Tuesday, August 14, 2012

Altruism as Evil

Those of us in an ideology free zone are often amazed by our ideological brethren. The amazement is caused by their remarkable ability to embrace belief systems that are utterly contradictory. Paul Ryan is a devout Catholic and a disciple of Ayn Rand. If you have even the slimmest understanding of those two philosophies, this should make your head throb. It is as if a celibate pacifist celebrated the life and times of the Marquis de Sade.
But then, Ayn Rand, the individualist who wanted to dismantle government programs, gratefully embraced the collectivist wonder of Medicare when her health failed.
Paul Ryan is considered an "intellectual" in the conservative movement. In a land of the blind, a one eyed man can be king.
This land is your land.

"People don't generally care what politicians read. But Rep. Paul Ryan is different. His fascination with the Russian-born novelist Ayn Rand could spell trouble for the GOP's new vice-presidential candidate. It could put him at odds with the Christian right and the Roman Catholic Church.
It all depends how much you believe that he is in the thrall of Ayn Rand.
Rand (1905-1982) is controversial because of the extremism of her views. In researching my recent book, I found that Rand's influence on the Republican Party, which dates back as far as her endorsement of Wendell Willkie in 1940, has been sharply growing, largely due to her vise-like hold on the imagination of the tea party and people like Ryan.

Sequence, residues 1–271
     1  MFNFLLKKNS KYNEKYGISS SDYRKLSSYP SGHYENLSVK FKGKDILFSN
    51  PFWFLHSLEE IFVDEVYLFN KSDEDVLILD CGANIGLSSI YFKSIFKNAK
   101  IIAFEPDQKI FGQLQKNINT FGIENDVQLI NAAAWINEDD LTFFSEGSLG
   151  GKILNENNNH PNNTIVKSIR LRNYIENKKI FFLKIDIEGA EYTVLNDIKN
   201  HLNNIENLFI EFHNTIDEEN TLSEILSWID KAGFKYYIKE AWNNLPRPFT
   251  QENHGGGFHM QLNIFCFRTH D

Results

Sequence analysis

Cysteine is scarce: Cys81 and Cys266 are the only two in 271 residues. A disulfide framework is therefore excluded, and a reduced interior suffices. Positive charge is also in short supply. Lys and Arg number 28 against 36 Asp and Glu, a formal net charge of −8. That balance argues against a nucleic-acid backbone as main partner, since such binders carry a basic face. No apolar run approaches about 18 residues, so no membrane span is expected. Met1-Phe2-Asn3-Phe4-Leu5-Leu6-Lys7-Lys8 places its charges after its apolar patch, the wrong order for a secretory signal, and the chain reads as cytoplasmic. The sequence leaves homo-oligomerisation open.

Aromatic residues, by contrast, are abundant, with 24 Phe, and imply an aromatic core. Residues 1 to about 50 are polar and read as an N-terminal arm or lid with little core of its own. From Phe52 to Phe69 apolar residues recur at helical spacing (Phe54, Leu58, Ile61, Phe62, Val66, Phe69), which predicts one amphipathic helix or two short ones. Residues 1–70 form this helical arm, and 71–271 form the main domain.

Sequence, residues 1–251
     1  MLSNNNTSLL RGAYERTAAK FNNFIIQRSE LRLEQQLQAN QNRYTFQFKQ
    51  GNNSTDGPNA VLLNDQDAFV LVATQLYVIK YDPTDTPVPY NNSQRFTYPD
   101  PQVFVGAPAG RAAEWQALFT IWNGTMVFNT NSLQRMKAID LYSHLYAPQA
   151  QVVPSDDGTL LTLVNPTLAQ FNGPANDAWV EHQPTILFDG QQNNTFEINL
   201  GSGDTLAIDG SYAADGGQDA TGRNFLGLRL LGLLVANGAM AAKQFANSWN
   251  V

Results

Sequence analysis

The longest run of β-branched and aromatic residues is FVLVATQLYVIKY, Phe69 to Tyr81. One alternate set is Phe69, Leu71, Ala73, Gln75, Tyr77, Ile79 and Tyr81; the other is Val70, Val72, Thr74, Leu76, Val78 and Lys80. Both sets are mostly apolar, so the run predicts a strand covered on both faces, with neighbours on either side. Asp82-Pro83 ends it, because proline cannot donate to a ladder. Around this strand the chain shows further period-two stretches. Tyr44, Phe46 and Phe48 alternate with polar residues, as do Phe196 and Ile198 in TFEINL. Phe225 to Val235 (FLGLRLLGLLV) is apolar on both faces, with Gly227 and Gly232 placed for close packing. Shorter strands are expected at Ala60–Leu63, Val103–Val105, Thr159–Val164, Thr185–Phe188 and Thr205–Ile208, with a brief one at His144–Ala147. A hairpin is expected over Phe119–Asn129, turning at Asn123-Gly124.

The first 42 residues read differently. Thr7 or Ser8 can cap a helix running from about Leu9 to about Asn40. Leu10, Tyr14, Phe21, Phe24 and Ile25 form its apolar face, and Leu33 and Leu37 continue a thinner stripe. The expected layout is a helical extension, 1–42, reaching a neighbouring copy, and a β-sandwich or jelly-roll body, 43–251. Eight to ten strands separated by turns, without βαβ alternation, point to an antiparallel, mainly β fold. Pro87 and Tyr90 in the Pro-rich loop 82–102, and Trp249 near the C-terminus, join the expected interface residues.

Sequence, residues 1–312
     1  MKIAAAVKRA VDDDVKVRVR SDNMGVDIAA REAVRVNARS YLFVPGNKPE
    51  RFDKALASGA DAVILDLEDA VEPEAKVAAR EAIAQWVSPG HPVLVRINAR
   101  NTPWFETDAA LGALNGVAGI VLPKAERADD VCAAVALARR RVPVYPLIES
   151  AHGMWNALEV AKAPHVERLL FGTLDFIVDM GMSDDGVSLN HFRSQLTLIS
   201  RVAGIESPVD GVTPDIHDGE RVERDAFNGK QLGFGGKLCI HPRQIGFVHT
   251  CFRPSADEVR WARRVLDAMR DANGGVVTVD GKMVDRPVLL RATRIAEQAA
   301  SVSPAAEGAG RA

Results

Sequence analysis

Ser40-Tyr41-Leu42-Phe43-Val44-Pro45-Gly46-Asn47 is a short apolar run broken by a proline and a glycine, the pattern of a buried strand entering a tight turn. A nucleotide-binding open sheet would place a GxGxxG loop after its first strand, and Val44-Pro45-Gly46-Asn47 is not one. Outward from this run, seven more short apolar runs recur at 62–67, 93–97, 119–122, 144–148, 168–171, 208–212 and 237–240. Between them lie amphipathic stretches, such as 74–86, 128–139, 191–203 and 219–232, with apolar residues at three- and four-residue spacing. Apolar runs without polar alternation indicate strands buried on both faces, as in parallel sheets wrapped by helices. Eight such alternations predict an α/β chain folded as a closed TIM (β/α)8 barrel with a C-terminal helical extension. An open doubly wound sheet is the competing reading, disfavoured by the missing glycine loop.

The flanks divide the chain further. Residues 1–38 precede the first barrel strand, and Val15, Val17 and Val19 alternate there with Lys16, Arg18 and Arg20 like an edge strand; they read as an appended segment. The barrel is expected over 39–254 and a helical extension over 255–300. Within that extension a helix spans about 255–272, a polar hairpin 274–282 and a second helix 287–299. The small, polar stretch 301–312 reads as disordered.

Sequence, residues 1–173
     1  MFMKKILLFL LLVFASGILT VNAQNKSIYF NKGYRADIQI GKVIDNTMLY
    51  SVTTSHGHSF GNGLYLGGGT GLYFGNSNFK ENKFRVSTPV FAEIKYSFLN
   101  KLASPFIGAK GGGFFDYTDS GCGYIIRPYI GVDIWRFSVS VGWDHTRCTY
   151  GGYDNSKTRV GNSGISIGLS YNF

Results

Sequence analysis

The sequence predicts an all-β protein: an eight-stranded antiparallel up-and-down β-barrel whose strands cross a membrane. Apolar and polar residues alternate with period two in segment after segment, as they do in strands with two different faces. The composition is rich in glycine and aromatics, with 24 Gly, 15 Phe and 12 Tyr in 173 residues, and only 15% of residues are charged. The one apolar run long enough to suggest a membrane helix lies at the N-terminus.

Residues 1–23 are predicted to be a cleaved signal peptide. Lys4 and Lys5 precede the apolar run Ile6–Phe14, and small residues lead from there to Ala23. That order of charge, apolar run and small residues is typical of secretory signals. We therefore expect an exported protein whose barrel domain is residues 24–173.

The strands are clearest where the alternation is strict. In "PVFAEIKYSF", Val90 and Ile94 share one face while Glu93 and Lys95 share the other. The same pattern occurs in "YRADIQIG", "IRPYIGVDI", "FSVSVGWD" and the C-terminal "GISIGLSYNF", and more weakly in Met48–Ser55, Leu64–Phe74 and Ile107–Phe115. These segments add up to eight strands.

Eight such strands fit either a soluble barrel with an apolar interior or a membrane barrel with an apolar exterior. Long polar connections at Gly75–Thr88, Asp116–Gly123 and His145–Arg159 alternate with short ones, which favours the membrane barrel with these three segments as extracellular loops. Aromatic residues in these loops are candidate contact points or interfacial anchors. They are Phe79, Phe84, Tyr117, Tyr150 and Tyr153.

Rand was the author of two best-selling novels, "The Fountainhead" and "Atlas Shrugged." These books, along with her other novels and essays, set forth an ideology which she called objectivism. ...
College students notoriously go through an "Ayn Rand phase" because her books emphasize self-reliance and breaking away from one's parents. For most people, it's a kind of literary infatuation. But for a few, Rand becomes a lifelong passion.
What made her books controversial is not violence or sex, though both "Fountainhead" and "Atlas" have their share of bodice-ripping, but an extremist vision of America that celebrated greed and selfishness, rejected altruism as "evil" and opposed the fundamental tenets of Judeo-Christian morality. (She was also a militant atheist who favored abortion.)"